Mentally challenged man asked to lead 5-on-1 attack
This is just one of many cases where persons with FASD are used to commit a crime.
“It’s a very graphic and brutal assault,” Crown attorney Adam Bergen said. “Probably many of them are, but we don’t often get to see them in colour with very clear audio.”
Lawrence Laquette, 27, pleaded guilty to one count of aggravated assault for his part in the Aug. 3, 2013 attack.
The 48-year-old male victim was set upon in a park near Thunderbird House on Main Street, for reasons that still remain unclear. A disturbing cellphone video recorded by a passerby shows the five accused punching, kicking and stomping on the victim several dozen times as he screamed for them to stop. Near the end of the attack, a female co-accused stabbed the victim in the head with a pair of scissors.
Laquette’s co-accuseds included two cousins and a man he described as an uncle.
Court heard Laquette was living in a group home just outside of the city when he received a phone call from his sister saying his family members needed help. The four co-accused waited for Laquette before confronting and surrounding the victim.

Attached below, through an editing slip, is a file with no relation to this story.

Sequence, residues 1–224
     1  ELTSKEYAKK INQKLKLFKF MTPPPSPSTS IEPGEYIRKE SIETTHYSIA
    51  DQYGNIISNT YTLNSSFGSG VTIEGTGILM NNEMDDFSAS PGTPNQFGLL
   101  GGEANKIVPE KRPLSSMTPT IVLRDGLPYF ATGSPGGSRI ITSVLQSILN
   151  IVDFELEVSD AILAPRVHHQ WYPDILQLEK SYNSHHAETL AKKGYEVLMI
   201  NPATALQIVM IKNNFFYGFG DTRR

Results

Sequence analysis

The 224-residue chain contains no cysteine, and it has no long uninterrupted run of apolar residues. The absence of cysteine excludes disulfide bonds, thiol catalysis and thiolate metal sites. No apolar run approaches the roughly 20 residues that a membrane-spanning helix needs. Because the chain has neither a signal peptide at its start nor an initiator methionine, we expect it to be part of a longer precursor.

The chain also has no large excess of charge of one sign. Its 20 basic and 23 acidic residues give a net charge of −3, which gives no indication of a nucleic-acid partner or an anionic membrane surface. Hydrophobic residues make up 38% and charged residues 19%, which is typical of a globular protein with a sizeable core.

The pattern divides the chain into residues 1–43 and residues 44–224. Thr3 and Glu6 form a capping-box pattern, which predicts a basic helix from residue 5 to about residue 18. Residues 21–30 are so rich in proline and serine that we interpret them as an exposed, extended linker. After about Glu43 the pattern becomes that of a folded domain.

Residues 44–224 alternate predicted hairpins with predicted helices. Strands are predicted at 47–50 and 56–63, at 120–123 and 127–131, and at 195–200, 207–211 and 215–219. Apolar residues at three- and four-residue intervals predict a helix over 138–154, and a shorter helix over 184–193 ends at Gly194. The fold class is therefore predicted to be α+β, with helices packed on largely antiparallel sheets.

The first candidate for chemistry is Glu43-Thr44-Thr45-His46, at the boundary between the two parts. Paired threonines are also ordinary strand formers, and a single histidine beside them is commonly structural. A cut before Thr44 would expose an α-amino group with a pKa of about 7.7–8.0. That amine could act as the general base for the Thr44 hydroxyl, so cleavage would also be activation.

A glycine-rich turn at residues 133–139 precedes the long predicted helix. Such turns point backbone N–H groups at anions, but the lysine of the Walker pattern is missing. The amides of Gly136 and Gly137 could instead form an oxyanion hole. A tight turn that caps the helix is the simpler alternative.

Laquette “was essentially sicced on (the victim) like you would send an attack dog to attack a person and that is exactly what he did,” Bergen said.
Bergen likened the attack to a group of predators taking down a prey. “When you consider that everyone except Mr. Laquette is in various states of inebriation, it’s almost impressive in its efficiency,” he said.
Bergen recommended Laquette be sentenced to as long as six years in prison, while defence lawyer Jeremy Kostiuk urged Justice Colleen Suche to consider a sentence of time served plus probation.
According to a pre-sentence report prepared for court, Laquette is of borderline intelligence and suffers from fetal alcohol spectrum disorder.
At the time of the attack, Laquette was on bail for slashing a female cousin in the face during a drinking party, an offence for which he was later sentenced to three months custody and three years supervised probation.
Kostiuk said Laquette is generally “easy going” but is also easily led and does not consider the consequences of his actions.
“He’s not really in a position to say no to his family, given the issues he presents with,” Kostiuk told Suche. “I don’t think there is any way you cannot recognize a reduced moral culpability.”
Suche will sentence Laquette next wee